Because there was such widespread, entrenched systemic and institutional racism throughout American society in the 1960s, for example, and because social and market forces were not sufficient to remedy the problem, it was appropriate for government to respond. That response was properly tailored to meet this need. It defined discrimination to include racially segregated accommodations, places of employment, and housing providers while providing thin religious liberty protections. Because the justification for antidiscrimination laws based on race was so strong and the need was so great, the law was appropriately broad with limited exemptions.

By contrast, consider laws that address discrimination based on sex. Because the nature of sex and the history of sexism did not represent an exact parallel to racism, the law did not treat them in entirely the same ways. To this day, for example, sex is not a protected class for federal antidiscrimination law as applied to public accommodations. Discrimination was legally defined so as not to include sex-specific intimate facilities, and much broader—and in some cases total—religious liberty exemptions were included. In other words, because the justification for laws against sex-based discrimination was weaker than the justification for laws against race-based discrimination, the legal response was more modest: It covered less terrain, defined discrimination more narrowly, and provided greater protection for religious liberty.

Any proposed policies intended to meet the needs of people who identify as LGBT would need to be crafted in a similar manner. Without greater evidence of the justification for specific policy responses—greater documentation of what the needs truly are—it is hard to be specific. In general, however, the need clearly seems weaker than the need for policies designed to deal with discrimination on the basis of race and sex. A policy response would therefore need to cover less ground, target discrimination more narrowly, and avoid undermining the rights of conscience, religion, and speech.

Policy Responses Matter Because of the Messages They Send

Getting public policy right matters both because the law is binding and because the law is a teacher. A law that burdens and penalizes nondiscriminatory actions and violates the rights of conscience, religion, and speech is purely and simply unjust, and an unjust law that supposedly applies to all Americans while exempting a select few from its provisions hardly represents “Fairness for All.”

“Fairness for All” advocates who believe the truth about marriage, human nature, and human embodiment should consider how the law would teach future generations that this truth is a lie and that a lie is the truth. Any good that an exemption from the law preserves for religious communities will pale in comparison to the damage that the law does in its pedagogical function.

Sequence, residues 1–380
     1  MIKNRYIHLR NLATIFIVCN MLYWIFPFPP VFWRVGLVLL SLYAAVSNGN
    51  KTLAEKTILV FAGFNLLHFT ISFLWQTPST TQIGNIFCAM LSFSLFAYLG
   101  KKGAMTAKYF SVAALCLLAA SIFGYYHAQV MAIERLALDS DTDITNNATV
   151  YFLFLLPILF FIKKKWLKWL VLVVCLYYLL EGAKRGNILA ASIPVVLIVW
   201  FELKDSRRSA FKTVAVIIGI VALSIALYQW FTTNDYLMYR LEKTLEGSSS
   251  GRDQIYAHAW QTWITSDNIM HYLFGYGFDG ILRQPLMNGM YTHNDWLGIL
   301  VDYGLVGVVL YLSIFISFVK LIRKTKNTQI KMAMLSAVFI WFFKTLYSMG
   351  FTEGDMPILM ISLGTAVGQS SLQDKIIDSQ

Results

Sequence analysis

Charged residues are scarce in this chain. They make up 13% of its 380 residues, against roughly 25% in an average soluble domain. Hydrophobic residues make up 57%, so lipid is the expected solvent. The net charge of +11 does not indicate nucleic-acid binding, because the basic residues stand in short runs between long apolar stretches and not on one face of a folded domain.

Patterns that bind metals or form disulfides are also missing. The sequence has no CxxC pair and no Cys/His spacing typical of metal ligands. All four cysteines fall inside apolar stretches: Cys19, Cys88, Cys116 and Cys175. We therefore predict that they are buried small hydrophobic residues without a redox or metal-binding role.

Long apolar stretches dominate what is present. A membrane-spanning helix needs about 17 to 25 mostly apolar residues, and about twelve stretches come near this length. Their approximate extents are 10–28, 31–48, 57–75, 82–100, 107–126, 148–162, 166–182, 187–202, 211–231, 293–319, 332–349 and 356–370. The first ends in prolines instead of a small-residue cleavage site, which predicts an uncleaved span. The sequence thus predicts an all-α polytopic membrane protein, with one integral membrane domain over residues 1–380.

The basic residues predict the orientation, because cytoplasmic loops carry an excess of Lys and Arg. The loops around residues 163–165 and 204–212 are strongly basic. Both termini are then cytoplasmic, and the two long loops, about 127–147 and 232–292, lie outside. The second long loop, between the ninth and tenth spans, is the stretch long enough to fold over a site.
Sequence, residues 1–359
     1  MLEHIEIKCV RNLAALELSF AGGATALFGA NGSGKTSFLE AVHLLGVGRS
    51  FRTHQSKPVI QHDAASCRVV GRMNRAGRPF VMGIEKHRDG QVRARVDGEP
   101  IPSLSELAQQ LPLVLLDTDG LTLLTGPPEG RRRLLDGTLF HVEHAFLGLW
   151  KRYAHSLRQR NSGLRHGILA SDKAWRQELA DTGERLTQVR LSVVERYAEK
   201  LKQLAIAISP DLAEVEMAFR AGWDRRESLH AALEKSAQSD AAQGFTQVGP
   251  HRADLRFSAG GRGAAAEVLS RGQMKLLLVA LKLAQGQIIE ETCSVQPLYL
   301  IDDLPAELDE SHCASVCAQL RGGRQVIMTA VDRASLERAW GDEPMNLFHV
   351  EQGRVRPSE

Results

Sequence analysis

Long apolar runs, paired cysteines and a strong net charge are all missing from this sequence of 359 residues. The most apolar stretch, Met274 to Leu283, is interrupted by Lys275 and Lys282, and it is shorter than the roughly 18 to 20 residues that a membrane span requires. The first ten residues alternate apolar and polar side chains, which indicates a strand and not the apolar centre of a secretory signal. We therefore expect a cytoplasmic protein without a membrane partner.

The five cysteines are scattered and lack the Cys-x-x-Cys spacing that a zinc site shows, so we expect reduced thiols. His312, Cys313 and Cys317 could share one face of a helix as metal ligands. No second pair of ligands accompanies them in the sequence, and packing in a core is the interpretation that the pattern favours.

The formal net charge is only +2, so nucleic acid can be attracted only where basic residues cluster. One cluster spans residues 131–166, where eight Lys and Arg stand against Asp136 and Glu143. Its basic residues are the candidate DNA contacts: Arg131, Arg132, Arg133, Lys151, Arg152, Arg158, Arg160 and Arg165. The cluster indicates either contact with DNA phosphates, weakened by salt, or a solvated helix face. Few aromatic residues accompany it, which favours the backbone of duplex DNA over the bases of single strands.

Some LGBT activists express concerns about the message that religious exemptions send. They claim that such laws teach that people have a “license to discriminate.” But their criticism proves the point: SOGI laws will teach that legitimate conduct and judgments discriminate, are morally wrong, and should therefore not be given a “license.” Much better, then, not to have the law define such actions as discrimination in the first place.

In the aftermath of the judicially imposed legal redefinition of marriage, the law should not be used to punish and hound those who continue to believe that marriage unites husband and wife. The law should respect their full and equal status as citizens. If Obergefell was about respecting the freedom of people who identify as LGBT to live as they wish, as LGBT activists claim, then that same freedom should be respected for Americans who believe in the conjugal understanding of marriage as the union of husband and wife. The law should not force these Americans into the closet.

Ryan T. Anderson is the William E. Simon Senior Research Fellow in American Principles and Public Policy at The Heritage Foundation and the Founder and Editor of Public Discourse. He is the author of Truth Overruled: The Future of Marriage and Religious Freedom, and co-author of Debating Religious Liberty and Discrimination, out this spring from Oxford University Press. This essay is adapted from his report for The Heritage Foundation “How to Think About Sexual Orientation and Gender Identity (SOGI) Policies and Religious Freedom.”

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Notes:

  1. There is a fourth category of “discrimination”: nonmalicious oversight or neglect. Consider the type of discrimination the Americans with Disabilities Act is meant to combat. Before enactment of the ADA, many movie theaters, for example, did not have wheelchair ramps. This was the result of an oversight with respect to the needs of people with disabilities, not because of any hostility toward them. Because such oversights were so widespread and contributed to the exclusion of people with disabilities from full participation in society, Congress acted.